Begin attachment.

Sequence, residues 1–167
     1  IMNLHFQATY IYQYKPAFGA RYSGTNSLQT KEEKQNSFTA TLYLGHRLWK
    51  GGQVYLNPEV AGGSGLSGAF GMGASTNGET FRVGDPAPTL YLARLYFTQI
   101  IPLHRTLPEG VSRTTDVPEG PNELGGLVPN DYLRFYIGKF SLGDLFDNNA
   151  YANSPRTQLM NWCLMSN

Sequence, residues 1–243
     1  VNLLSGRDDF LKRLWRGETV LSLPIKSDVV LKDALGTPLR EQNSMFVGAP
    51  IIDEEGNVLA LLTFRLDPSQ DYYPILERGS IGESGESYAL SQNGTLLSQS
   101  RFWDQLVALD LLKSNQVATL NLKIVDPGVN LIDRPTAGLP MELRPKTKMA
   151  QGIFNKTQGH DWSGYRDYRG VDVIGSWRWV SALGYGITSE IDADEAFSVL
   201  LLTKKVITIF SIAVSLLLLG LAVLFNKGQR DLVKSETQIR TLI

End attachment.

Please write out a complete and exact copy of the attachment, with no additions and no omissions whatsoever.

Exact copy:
Sequence, residues 1–167
     1  IMNLHFQATY IYQYKPAFGA RYSGTNSLQT KEEKQNSFTA TLYLGHRLWK
    51  GGQVYLNPEV AGGSGLSGAF GMGASTNGET FRVGDPAPTL YLARLYFTQI
   101  IPLHRTLPEG VSRTTDVPEG PNELGGLVPN DYLRFYIGKF SLGDLFDNNA
   151  YANSPRTQLM NWCLMSN

Sequence, residues 1–243
     1  VNLLSGRDDF LKRLWRGETV LSLPIKSDVV LKDALGTPLR EQNSMFVGAP
    51  IIDEEGNVLA LLTFRLDPSQ DYYPILERGS IGESGESYAL SQNGTLLSQS
   101  RFWDQLVALD LLKSNQVATL NLKIVDPGVN LIDRPTAGLP MELRPKTKMA
   151  QGIFNKTQGH DWSGYRDYRG VDVIGSWRWV SALGYGITSE IDADEAFSVL
   201  LLTKKVITIF SIAVSLLLLG LAVLFNKGQR DLVKSETQIR TLI